Tenet review – ambitious espionage thriller is Nolan-esque to a fault

Christopher Nolan's long-awaited time inversion blockbuster is intermittently thrilling but frustratingly hollow and hard to follow. Has he lost the plot?

Christopher Nolan has now given us what can only be described as the most “Nolan-esque” film of his career – a bold and hugely ambitious spy movie extravaganza whose scale, at times, is so huge that it seems to explode off the sides of even the biggest IMAX screen. But it's also, unfortunately, a picture that emphasises Nolan's biggest flaws as a filmmaker, resulting in his most narratively convoluted and emotionally hollow film in years.

Taking its cues from the altered realities and exposition-heavy delivery inherent to his landmark blockbuster Inception, the story behind Tenet begins with an all-too familiar conceit: the film's rich, Russian antagonist, Andrei Sator (a very serious, accented Kenneth Branagh), has got his hands on a super weapon with world-destroying implications. Spurred on to prevent a universe-sized disaster after proving his moral worth in the film's tense but confusing opener is our questionably-named “Protagonist.” He's played with muted dispostion by John David Washington – a cool-headed but empty shell of a character who we learn absolutely nothing about over the course of an excessive two and a half hour runtime (I'm not kidding: nothing).

Washington's character is quickly enlisted into a top secret organisation and tasked with making contact with Branagh's oligarch as to avert World War III. What follows is undeniably thrilling and inventive in places, as our hero – sorry, our “Protagonist” – sets out on a globe-trotting adventure – Tallinn, Mumbai, London, Pompei, Oslo – built in the James Bond movie mould. Along the way, he teams with Robert Pattinson's debonaire secret agent, and Sator's beautiful but icy wife, Kat (Elizabeth Debicki), a British art dealer who is estranged from her husband but who just might hold the key to the film's central puzzle. This is a Nolan film, and so there must be a puzzle.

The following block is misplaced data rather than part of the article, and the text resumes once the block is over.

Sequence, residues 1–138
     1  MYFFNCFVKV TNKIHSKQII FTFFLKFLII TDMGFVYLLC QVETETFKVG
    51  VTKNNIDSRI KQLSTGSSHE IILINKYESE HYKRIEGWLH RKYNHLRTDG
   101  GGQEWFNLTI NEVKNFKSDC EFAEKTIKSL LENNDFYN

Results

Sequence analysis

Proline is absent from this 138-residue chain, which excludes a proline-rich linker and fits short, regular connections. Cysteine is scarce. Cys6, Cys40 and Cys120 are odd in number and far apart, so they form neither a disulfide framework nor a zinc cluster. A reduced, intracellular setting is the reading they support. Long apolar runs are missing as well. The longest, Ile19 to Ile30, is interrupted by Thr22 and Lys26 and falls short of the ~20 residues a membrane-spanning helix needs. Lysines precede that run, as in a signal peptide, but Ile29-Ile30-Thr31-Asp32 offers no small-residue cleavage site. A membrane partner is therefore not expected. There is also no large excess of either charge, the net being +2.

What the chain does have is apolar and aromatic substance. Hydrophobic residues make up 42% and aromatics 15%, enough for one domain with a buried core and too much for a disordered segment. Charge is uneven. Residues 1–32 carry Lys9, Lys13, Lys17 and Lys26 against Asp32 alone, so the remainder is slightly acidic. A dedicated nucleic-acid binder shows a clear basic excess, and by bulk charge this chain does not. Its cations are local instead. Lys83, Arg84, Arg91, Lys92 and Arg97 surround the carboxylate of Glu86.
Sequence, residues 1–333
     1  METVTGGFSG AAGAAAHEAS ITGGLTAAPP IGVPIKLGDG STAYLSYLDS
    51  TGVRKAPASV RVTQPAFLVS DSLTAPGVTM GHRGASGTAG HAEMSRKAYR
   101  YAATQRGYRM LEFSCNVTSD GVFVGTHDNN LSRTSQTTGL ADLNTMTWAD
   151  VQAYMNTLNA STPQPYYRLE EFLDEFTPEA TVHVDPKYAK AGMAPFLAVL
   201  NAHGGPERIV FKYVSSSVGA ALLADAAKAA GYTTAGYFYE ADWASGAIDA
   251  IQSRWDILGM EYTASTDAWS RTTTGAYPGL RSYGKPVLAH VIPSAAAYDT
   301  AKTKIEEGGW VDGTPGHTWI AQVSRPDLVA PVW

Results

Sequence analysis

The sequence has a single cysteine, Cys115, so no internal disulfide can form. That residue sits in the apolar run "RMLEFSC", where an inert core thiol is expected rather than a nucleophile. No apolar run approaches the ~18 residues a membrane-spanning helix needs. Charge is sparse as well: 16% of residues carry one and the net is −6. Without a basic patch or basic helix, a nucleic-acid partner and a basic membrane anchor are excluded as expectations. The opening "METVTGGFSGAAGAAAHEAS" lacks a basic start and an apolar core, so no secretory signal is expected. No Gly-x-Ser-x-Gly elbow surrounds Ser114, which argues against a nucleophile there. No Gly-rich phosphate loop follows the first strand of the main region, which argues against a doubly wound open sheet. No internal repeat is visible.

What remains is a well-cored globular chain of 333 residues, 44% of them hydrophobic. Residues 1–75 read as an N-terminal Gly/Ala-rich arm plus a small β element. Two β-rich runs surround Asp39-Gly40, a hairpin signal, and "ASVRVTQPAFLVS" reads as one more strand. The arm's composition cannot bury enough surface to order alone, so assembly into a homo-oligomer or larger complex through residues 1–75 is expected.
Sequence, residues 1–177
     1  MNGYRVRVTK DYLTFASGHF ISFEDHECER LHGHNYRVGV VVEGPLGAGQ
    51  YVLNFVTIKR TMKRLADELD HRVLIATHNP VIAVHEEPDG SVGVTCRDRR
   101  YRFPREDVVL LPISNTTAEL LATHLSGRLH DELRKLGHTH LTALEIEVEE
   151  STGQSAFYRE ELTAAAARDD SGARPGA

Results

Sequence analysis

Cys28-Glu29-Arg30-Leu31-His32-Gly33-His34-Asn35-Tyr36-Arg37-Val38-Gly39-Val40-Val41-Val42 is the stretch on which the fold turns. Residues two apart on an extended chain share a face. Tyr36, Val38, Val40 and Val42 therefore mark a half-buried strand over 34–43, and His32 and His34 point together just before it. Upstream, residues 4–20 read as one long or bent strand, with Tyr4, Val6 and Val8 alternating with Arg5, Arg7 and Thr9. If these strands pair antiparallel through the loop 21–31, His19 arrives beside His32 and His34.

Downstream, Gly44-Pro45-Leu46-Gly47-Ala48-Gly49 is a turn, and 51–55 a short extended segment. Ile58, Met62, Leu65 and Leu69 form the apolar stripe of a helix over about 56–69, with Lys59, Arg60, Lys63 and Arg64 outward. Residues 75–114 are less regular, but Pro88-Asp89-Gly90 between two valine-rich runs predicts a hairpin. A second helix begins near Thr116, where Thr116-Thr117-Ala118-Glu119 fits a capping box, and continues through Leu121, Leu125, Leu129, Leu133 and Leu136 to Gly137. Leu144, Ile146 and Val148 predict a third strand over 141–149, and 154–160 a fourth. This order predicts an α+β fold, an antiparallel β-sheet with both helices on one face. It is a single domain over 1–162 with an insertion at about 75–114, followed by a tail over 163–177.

Tenet is oddly blasé about the mysterious “time inversion” premise that has been at the core of the film's marketing campaign, though. It's introduced with little fanfare and indifference by Clémence Poésy, appearing in a small and thankless part, who seems bored when she explains the allegedly mind-blowing existence of parallel timelines that travel backwards and forwards, simultaneously, before converging at a central point, allowing for all kinds of cool chronological possibilities.

Nolan has also insisted that Tenet isn't a time travel movie, but his argument seems to fall flat as the film rumbles forwards and lots of familiar tropes are wheeled out in order to explain the logic of a very confusing first hour. But the problem with Tenet isn't really that the time inversion element is hard to follow; it's that the time inversion element fails to justify the excessive scope of the plot and the overwrought machinations leading us into every explosive set-piece.

At its best, Tenet feels like a bizarre cross between cult time travel movie Primer and a Michael Mann film; head-scratching scenes of chronological intrigue bashing heads with gritty car chases and people shooting each other with silenced pistols. At its worst, there's a sense of Nolan straining to come up with yet another idea that plays around with the concept of space and time because that's what people now expect of him. I'm not sure he's even fully convinced by the premise here – especially after we're told, explicitly, to not try and understand it a mere twenty minutes into the film.